The July 24 issue of Nature has several articles on china. China: The end of the science superpowers by(Rogers Hollingsworh and colleagues (reuires subscription)is reported in Historian predicts the end of 'science superpowers'. From the article: "Each former giant of science emerged when the society's economy became extraordinarily robust by world standards. As the French, German and British economies declined relative to the world's most dynamic centres of fiscal growth, so did their science systems. The independence and flexibility that once characterized their research systems diminished markedly. Each former scientific power, especially during the initial stages of decline, had the illusion that its system was performing better than it was, overestimating its strength and underestimating innovation elsewhere. The elite could not imagine that the centre would shift.
Meanwhile, fundamental changes over the past few decades in economics, funding, communication, organizational structure, and specialization could mean that the United States is not simply poised to cede its scientific throne to a national successor such as China. Rather, the end of America's era as the scientific hegemon could also be the end of the era of scientific hegemons."
From the Physorg report: "Hollingsworth and his co-authors - UW-Madison senior scientist Ellen Jane Hollingsworth and Karl H. Muller, director of the Vienna Institute for Social Science Documentation and Methodology - assert that U.S. science is still strong and performs at a high level. For example, U.S. researchers still account for more than half of the top 1 percent of most-cited papers in the world.
But the global proliferation of science will present new challenges to the United States. Hollingsworth says that the biggest threat to U.S. science competitiveness may be the massive size of major research universities, which produce a high volume of published work but not a corresponding increase in "major breakthroughs." For example, Hollingsworth says that almost 50 percent of papers published by U.S. scientists are not cited by other scientists, which raises the question of whether the high volume of publishing "is really enhancing our stock of knowledge."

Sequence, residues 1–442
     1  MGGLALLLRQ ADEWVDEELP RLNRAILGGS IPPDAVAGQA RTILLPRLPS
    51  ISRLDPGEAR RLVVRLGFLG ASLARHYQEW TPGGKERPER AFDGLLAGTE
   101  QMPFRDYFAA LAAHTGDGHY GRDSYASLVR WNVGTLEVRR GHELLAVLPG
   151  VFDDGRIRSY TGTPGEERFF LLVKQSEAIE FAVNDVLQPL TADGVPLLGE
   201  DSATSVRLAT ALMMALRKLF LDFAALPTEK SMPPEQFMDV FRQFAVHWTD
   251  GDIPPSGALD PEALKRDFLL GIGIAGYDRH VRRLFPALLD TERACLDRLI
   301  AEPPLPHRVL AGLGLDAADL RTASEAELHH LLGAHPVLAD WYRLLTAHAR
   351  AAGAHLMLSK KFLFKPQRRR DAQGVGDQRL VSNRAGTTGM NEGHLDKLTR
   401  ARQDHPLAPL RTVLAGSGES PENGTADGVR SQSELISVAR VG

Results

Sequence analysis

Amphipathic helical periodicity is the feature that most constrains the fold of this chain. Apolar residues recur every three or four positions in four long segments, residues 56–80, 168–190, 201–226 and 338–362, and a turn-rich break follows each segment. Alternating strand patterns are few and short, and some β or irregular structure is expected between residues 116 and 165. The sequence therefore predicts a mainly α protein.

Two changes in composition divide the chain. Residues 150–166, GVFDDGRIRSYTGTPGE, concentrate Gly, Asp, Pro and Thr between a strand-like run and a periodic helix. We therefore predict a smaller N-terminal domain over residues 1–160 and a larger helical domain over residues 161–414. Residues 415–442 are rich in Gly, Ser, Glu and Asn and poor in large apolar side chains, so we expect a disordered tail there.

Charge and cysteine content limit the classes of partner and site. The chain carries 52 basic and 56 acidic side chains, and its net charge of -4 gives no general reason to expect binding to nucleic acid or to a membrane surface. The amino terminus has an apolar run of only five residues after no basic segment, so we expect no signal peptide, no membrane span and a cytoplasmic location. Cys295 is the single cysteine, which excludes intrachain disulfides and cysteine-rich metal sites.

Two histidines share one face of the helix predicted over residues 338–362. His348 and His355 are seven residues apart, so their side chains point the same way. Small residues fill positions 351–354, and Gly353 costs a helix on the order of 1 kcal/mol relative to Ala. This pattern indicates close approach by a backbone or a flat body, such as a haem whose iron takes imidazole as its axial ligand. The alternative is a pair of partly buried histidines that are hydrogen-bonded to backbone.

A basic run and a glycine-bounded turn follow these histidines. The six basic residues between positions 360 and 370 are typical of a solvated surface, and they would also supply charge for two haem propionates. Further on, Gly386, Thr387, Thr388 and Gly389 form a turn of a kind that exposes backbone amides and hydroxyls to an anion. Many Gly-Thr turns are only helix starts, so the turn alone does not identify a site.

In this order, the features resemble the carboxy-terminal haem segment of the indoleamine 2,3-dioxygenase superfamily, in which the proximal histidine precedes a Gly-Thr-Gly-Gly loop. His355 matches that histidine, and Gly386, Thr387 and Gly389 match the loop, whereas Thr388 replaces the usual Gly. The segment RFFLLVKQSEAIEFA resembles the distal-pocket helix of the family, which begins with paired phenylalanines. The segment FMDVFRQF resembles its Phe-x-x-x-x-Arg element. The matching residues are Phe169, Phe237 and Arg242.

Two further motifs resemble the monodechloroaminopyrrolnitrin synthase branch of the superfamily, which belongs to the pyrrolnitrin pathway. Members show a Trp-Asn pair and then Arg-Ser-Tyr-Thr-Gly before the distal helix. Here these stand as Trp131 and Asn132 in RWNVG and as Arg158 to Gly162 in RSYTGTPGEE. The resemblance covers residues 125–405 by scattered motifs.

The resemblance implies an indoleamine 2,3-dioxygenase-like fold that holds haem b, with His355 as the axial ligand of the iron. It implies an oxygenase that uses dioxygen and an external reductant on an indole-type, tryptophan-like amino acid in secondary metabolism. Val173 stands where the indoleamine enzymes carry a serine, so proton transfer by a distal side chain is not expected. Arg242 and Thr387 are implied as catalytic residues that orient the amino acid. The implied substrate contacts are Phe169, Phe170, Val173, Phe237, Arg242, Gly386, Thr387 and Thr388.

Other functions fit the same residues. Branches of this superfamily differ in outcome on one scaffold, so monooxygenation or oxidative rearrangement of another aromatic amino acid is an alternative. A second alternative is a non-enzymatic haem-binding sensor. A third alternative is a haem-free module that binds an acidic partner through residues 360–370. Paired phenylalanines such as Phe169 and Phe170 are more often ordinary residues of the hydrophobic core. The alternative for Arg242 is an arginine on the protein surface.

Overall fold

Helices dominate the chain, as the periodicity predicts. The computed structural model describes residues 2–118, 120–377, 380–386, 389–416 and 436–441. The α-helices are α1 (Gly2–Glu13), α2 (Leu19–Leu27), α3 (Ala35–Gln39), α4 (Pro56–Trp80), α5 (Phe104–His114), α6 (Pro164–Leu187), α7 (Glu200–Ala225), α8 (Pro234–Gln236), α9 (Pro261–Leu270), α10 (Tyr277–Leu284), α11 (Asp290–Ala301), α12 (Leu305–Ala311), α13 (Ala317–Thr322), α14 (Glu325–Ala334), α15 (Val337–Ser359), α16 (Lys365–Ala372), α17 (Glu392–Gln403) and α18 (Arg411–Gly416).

"I think we have become too obsessed with quantitative measures of science - the volume of papers published, where they're published and the number of grants attained," he says.
"To thrive in this transition from a science hegemony to a global competitive landscape, the biggest need will be to become more flexible and more adaptive," he adds. "And if you're not adaptive, you can see what happens with the examples of the auto industry and steel industry in America."
Hollingsworth recommends a major investment in a new type of nimble and interdisciplinary science in the United States by the National Institutes of Health and the National Science Foundation. He says the creation of more than two-dozen smaller-scale research institutes that would be autonomous from, but adjacent to, current universities could have great results. These would operate with little bureaucracy and without the constraints of conventional academic departments, and be more likely to fuel creative thinking, he says.
These institutes would mirror the successes of smaller-scale campuses such as Rockefeller University in New York, the Salk Institute in California and the Santa Fe Institute in New Mexico. Each of these campuses, Hollingsworth says, produces a high percentage of breakthrough research advances despite their small size, and their successes stem from an organizational culture and structure that is nimble, collaborative and cross-disciplinary."
Satyajit Das of eurointelligence on US economy:"We interrupt regular programming to announce that the United States of America has defaulted …" Part 2
(via Naked Capitalism)